The upshot of Dipa Karmakar’s fateful vault into history books at the 2016 Rio Olympics, by way of the 2014 Glasgow Commonwealth Games and the 2015 IAAF World Championships, was the concretion of the platform as a serious sport instead of it being brushed aside as an artistic offshoot.

However, nearly six months after the Rio Games, the ushering in of brighter days for Indian gymnastics have almost stalled, thanks to the bubbling over of the machinations brewing within the sport’s official body, the Gymnastics Federation of India.

An administrative logjam

As it stands, the GFI has been split into two rivalling factions each vying to exert its control to govern the body. The effect of this unnecessary breakdown of the national sporting body has been two-fold. One that it contravened the purposeful intervention of the Indian judiciary in setting up the GFI member panel. And the other that this grappling for assertion of authority has resulted in further procrastination of the national championships being conducted, which has not been held since 2014.

To delve into the subject further, Scroll spoke to the vice-president of the GFI, Riyaz Bhati, who volubly shared Indian gymnastics’ current predicament. “Our panel was appointed under the purview of the Delhi High Court in 2015,” opened up Mr. Bhati, giving a background about how the ongoing disorganisation was perpetuated. “Mr Sudhakar Shetty was appointed as the President, Mr Shantikumar Singh as the General Secretary and I was appointed the vice-president. Everything was going good, but Mr Singh soon moved away and set up a competing camp to ours.”

Despite the divisions cropping up, it was only when the court-appointed panel decided to hold the national championships that the matter came to a head. At the start of 2016, while the GFI organised its national event, the rival group simultaneously announced a national tournament of its own, under the ambit of the GFI. Not only did this create confusion for the athletes, it also created yet another legal wrangle with the Chandigarh High Court stepping in and staying the tournament.

The significance of the national championships

This delay has affected the morale of the athletes even as it has added to the atmosphere of uncertainty for gymnastics in India, leaving them with reduced scope. Of not only showcasing their aptitude, but also trying to making a living through the opportunities that would have been otherwise offered.

“In every sport, there are state-level championships and there is a national championship. Without the national’s, the gymnasts won’t get the exposure they need to compete,” said Bhati. “Also, we can’t give them certificates because of which they can’t apply for government jobs and this has affected the number of gymnasts joining in the sport.”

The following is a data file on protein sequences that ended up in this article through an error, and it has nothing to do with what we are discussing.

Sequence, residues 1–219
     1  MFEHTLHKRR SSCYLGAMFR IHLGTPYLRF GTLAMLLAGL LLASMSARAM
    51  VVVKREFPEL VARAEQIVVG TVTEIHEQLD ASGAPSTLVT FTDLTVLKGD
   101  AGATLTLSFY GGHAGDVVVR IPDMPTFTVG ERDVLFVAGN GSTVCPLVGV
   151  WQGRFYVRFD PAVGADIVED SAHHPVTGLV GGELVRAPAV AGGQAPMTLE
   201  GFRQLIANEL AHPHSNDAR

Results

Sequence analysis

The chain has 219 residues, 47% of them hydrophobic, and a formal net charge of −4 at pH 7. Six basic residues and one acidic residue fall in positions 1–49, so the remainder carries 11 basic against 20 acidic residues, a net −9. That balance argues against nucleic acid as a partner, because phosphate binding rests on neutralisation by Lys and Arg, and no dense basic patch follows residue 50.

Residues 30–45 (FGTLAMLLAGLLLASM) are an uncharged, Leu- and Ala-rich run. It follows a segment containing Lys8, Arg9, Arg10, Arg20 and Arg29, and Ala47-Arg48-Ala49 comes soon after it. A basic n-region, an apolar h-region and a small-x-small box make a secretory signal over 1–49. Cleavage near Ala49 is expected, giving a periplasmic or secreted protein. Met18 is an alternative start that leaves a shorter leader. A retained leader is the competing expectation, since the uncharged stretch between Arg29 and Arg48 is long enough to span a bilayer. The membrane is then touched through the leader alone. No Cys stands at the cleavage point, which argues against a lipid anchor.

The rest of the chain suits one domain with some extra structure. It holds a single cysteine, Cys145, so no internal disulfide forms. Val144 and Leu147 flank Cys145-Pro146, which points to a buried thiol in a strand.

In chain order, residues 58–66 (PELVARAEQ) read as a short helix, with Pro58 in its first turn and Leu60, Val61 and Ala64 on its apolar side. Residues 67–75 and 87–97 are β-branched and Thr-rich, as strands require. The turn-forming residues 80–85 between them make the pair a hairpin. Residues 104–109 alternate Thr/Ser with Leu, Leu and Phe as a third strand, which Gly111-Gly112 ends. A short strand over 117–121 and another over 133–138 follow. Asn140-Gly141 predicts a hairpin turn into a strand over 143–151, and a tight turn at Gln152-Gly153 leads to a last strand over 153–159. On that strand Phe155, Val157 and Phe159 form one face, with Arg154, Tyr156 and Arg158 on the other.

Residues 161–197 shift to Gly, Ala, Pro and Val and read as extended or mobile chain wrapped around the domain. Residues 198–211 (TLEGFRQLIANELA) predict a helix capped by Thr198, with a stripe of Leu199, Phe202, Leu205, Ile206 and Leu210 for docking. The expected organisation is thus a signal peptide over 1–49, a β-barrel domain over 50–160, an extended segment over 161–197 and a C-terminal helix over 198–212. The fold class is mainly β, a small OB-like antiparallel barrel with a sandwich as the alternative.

Bhati however firmly believes that the court’s decision will be in favour of their panel since it has validity, both from the international body and Indian government. “We are affiliated to the International Federation of Gymnastics. We also have the backing of the Indian Olympic Association that has intimated to the Indian government about the legality of our appointment.”

Irrespective of the background of legitimacy, the soonest that the pausing of Indian gymnastics at the national level could be rescinded is still a fortnight. The arbitration committee has scheduled its hearing with the two warring federation factions for December 26, before announcing its decision on who will get to hold the nationals.

The resultant decision will also extend to events and tournaments beyond the national championships demarcating a continuing pattern. And, even Bhati knows and accepts this. “The future of gymnastics is bright in India thanks to the support of the Sports Authority of India and because all state championships are happening as they are supposed to. But at this point, everything depends on the nationals being held and the GFI cannot do much now because we are following the court’s orders.”

A looming threat

Promising as this sounds, for the athletes and their coaches, it is a different worry altogether. That gymnastics does not once again get sidelined without its full potential coming to fruition, in the legal melee. And among such concerned ranks, are the duo of India’s Rio Olympics’ success story, Dipa Karmakar and her coach Bishweshwar Nandi.


Dipa has made several requests to have a national championships, a statement reiterated not only by Bhati and Nandi, but also by her in her interaction with Scroll in between one of her training sessions. But where, she too acknowledges that it will take some time for the judicial process to take its course, she had no qualms in driving home her urgency in stating the need to have a national championship.

“Nationals will develop competition in the country. Youngsters want to win medals and international events are secondary. There has to be a national event and the earlier it is held, it will be for the better,” said Karmakar.

Mr. Nandi too echoed his protégé’s sentiments, though his line of thinking was centred on how to ensure his students’ training didn’t suffer because of the prevailing crossfire. “We have a lot of targets but because of the court case, we aren’t able to do much. I am however not giving up on my practice, because of the problems. There’s no holiday for my students and there’s no taking time-off for them,” he said, adding the last as if voicing aloud an avowal of resolve.

At such a point where gymnastics’ prospects hinge upon the outcome of judicial mediation, the strengthening of willpower of the gymnasts – and their coaches – is perhaps the most fitting recourse to take. To not just keep their minds on the bigger picture of the sport gaining farther inroads, but to successfully vault through in these difficult days, on a personal basis.